Bolaven Loop by Motorbike: How to explore the Bolaven Plateau, Laos

The Bolaven Plateau Laos has a huge concentration of waterfalls.

The Bolaven Plateau in Laos is a rare thing in Southeast Asia — a spectacular destination that hardly anyone seems to know about. This region is dotted with small-scale coffee farms, epic waterfalls, dense jungles, and the friendliest villages you’ll ever encounter. A series of good roads forms the so-called “Bolaven Loop” — a common motorbiking route taking in all the major waterfalls.

The plateau is over 1,000 meters above sea level. So while you motorbike around, you’ll bask in wonderfully cool temperatures. And the landscape is incredibly green, but it’s not too rainy, even in wet season. The area also produces the best coffee in Laos.

If you’re an experienced motorbike rider, you’ll appreciate the solitude of the Bolaven Plateau. But even if you’re a newbie, you can take on the Bolaven Loop by motorbike. In this post, I’ll walk you through everything you need to know.

I’m going to cover the “Big Loop” in this post. That’s the route I took, and I’d highly recommend it, since the best waterfall is on the third day. You need a minimum of four days for this trip. If you’re crunched for time, it’s still worth doing the “Small Loop” — simply skip from Day 1 to Day 4 of this Bolaven Plateau tour.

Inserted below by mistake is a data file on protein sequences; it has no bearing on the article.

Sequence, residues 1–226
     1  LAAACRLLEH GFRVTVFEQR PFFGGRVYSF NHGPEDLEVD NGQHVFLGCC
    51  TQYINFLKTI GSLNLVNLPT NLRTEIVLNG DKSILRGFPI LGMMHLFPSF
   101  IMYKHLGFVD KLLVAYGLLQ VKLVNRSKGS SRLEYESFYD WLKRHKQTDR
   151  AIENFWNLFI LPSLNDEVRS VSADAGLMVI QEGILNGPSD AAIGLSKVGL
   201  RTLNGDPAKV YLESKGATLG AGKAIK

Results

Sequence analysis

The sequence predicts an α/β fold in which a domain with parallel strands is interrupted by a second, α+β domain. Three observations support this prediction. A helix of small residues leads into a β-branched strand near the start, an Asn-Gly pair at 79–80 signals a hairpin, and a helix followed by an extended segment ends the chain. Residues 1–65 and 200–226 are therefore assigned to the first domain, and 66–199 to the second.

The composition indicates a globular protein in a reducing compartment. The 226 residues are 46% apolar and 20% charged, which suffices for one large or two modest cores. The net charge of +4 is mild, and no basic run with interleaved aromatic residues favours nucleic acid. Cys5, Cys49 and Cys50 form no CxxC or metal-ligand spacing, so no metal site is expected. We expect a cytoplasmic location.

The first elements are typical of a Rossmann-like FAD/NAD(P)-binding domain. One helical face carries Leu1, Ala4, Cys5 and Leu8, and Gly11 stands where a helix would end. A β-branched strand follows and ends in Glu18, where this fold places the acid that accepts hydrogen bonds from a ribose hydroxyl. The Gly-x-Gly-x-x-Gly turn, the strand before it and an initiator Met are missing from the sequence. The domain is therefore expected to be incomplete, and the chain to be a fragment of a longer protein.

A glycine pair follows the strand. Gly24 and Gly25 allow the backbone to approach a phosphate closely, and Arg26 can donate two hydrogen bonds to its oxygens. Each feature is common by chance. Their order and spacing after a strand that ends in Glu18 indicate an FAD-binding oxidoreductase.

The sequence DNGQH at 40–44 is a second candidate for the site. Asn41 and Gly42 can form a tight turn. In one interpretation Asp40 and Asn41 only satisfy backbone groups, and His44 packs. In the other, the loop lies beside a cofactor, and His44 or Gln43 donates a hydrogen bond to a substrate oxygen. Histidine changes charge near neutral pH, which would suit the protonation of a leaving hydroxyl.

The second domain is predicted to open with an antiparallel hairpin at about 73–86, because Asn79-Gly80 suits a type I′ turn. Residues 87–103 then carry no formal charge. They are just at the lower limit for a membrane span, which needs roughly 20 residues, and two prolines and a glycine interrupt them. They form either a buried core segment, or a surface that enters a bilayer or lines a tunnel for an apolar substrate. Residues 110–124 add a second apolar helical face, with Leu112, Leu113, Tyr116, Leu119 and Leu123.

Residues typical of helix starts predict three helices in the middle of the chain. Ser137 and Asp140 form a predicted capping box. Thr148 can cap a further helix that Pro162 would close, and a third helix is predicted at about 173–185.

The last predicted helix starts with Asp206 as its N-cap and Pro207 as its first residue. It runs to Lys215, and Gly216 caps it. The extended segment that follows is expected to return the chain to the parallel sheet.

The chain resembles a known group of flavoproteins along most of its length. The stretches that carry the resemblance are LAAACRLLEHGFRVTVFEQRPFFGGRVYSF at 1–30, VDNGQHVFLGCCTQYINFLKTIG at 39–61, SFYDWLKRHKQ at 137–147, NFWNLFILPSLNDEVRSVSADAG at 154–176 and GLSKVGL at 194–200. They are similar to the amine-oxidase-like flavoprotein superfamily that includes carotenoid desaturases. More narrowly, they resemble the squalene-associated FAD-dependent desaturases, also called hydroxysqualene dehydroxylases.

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Pakse: The gateway city for the Bolaven Loop

Pakse is the gateway to the Bolaven Plateau Loop roads.
Pakse has a lively market and a lot of good restaurants and cafes.

Before you set off to cover the Bolaven Plateau by motorbike, you’ll need to spend a day in Pakse preparing.

Pakse is one of the largest cities in Laos, and the only major city in the far south. It’s only 150 km from the border with Cambodia. It doesn’t have a lot in the way of sights, but it has tons of great amenities — including a half-dozen coffee shops where you can sample beans from the Plateau.

But you’re not really here to sight-see. Instead, your priorities are renting a motorbike for the next few days and finding some travel buddies to join you on the Bolaven Plateau Loop.

Miss Noy’s Motorbike Shop is a reliable place for both. She rents motorbikes for 60,000 kip per day, and her husband hosts a nightly planning meeting where you can join forces with other backpackers for the trip.

Another good option is Sabaidee 2 Guesthouse. This hostel has free maps and binders full of information about the routes. The manager is a treasure trove of knowledge about off-the-beaten-path stops along the way. You’ll almost certainly meet others interested in doing the trip here. Check prices and book here.

If you don’t rent a motorbike from Miss Noy, try any of the shops on the road to Sabaidee 2 Guesthouse. I rented mine for $10 a day from a copy and print shop.